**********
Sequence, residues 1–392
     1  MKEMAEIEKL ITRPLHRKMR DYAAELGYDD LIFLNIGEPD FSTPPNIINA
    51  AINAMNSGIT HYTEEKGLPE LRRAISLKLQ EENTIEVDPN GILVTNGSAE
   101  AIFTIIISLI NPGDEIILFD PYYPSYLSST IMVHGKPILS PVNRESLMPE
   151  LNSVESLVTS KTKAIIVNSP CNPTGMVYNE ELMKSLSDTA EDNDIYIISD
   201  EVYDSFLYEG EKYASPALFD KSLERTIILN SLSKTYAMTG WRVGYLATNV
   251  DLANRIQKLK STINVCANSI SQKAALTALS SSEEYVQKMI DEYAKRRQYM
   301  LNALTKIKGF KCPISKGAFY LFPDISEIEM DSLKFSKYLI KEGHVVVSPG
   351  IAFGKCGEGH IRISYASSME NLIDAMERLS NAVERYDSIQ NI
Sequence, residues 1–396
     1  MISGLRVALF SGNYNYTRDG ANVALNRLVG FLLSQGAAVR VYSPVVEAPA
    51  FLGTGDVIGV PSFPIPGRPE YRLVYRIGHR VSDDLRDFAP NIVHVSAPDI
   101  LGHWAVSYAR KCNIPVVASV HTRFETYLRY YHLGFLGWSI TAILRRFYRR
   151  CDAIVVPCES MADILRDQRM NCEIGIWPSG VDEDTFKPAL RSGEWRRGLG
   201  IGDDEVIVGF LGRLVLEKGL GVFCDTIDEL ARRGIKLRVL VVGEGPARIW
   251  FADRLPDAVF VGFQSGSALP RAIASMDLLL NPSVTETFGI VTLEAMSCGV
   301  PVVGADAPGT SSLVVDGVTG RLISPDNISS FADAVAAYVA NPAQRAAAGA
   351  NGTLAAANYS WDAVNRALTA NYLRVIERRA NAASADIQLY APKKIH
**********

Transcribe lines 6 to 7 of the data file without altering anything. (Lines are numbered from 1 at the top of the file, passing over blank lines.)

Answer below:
   201  EVYDSFLYEG EKYASPALFD KSLERTIILN SLSKTYAMTG WRVGYLATNV
   251  DLANRIQKLK STINVCANSI SQKAALTALS SSEEYVQKMI DEYAKRRQYM